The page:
Sexy Science: How We Look At Half Naked People

Naughty Nerdy geek and half naked hot chickScientific American reports on a psychology study about half-naked people and ideas of objectification. In six different experiments, a group of people were shown images of clothed and half-naked men and women and instructed to rate their mental capacities.

Interestingly, the ratings weren’t influenced by gender. Put simply, men don’t objectify women more. It seems to be a human trait to think differently about people with less clothing. From the article:


Support independent, ethically made, award-winning porn. Bright Desire features all of my erotic films and writing. A membership to Bright Desire gets you access to every movie I've ever made and lets me keep making female friendly porn!
Click here to find out more.

Subjects rated clothed people as having more self-control, better communication and better morals than half naked people. But subjects rated scantily-clad women and men as having a higher capacity for experiencing pleasure, as well as fear and pain. This latter group was also, curiously enough, thought of as more sensitive and needing more protection from fear or pain.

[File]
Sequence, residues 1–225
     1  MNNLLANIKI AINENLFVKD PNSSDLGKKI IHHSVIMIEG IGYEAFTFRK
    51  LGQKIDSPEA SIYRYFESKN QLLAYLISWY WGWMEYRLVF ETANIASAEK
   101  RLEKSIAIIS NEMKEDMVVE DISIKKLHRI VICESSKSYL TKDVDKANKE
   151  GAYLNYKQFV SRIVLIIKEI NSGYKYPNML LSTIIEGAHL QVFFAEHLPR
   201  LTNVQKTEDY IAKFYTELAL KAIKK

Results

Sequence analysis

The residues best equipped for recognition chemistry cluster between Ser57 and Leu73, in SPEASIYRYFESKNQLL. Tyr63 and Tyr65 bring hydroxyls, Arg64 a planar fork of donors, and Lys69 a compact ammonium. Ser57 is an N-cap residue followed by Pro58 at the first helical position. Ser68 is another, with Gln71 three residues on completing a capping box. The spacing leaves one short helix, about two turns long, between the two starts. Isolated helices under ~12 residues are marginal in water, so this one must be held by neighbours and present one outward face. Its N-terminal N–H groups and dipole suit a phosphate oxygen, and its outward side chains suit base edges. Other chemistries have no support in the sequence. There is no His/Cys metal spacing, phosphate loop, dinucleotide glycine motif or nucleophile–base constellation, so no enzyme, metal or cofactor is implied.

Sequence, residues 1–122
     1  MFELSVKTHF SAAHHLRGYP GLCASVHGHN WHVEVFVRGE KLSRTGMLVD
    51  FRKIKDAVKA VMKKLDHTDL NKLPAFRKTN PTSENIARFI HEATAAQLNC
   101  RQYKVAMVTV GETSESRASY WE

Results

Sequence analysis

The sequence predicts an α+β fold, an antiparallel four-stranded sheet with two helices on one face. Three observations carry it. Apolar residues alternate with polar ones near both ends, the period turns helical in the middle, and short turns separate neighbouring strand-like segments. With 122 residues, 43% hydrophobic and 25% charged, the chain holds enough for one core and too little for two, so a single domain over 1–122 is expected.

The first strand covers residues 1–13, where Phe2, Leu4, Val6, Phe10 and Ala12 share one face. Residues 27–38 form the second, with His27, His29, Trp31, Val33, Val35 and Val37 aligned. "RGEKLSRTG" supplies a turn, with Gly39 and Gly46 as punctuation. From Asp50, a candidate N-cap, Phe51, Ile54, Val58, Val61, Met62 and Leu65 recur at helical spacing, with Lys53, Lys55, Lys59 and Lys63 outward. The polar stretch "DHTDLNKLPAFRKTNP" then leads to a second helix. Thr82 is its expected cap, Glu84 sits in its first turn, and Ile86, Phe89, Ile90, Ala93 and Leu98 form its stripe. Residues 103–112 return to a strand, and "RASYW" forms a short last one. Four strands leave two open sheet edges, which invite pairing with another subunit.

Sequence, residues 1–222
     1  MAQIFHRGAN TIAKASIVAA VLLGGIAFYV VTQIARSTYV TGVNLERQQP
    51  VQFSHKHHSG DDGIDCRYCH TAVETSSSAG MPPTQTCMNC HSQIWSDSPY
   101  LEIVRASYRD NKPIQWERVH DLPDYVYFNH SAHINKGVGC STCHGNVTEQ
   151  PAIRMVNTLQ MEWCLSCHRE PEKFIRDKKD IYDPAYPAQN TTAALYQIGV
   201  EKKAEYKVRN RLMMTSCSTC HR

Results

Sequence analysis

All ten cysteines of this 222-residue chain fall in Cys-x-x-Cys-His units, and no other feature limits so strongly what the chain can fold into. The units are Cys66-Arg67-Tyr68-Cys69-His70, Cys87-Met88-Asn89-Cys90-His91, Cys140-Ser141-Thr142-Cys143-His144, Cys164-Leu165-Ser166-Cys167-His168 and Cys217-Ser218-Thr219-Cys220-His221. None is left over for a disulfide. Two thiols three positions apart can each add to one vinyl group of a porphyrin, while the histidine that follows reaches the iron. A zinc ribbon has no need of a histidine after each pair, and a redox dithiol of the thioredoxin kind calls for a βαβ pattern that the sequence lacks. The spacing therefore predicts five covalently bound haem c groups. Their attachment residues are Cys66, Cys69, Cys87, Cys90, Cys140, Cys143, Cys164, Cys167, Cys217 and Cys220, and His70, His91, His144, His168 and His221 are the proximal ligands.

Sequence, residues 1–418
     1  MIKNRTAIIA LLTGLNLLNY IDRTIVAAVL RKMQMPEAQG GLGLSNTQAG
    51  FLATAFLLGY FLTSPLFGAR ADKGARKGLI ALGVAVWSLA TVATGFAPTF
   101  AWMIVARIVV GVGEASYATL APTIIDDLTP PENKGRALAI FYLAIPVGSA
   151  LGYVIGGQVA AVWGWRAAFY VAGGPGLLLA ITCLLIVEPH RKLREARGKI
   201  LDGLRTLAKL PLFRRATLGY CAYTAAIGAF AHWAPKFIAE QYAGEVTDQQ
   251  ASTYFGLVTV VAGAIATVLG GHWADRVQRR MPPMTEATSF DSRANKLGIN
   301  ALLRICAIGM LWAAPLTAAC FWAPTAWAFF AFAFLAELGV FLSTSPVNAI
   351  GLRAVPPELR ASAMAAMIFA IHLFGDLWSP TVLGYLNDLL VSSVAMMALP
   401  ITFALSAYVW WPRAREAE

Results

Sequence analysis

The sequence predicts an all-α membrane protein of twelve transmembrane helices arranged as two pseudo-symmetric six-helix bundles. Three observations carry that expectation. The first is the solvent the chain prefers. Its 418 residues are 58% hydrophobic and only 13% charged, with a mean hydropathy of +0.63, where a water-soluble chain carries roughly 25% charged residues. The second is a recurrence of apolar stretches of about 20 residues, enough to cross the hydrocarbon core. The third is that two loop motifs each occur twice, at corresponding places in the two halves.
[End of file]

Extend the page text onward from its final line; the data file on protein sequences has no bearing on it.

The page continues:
For example, subjects were asked if they’d administer harmless but painful electric shocks to another person. They chose to shock those fully clothed significantly more often than those exposed above the waist.

The abstract of the study (found here) has got me thinking about how this psychological perception applies to anti-porn activists.

Drawing on the distinction in mind perception between agency and experience, it is found that focusing on someone’s body reduces perceptions of agency (self-control and action) but increases perceptions of experience (emotion and sensation)… The effect of a body focus on mind perception also influenced moral intuitions, with those represented as a body seen to be less morally responsible (i.e., lesser moral agents) but more sensitive to harm.

The above paragraph sounds like a summary of how anti-porn activists judge women who appear in porn. They often tend to dismiss the intellectual abilities of performers, instead depicting them as emotionally vunerable victims or morally damaged people (e.g. “she must have been abused as a child”, “she’s a drug addict”). I find it interesting that this study was looking at the process of “objectifying” people and objectification is the most common complaint about porn. Perhaps the anti-porn campaigners are doing a fair bit of objectifying of their own.

Pic: This is the gorgeous Aeryn from Naughty Nerdy. She’s a prime example of why you shouldn’t assume porn stars are dumb. Please visit her blog for various musings on Dungeons and Dragons, gaming, politics and sex.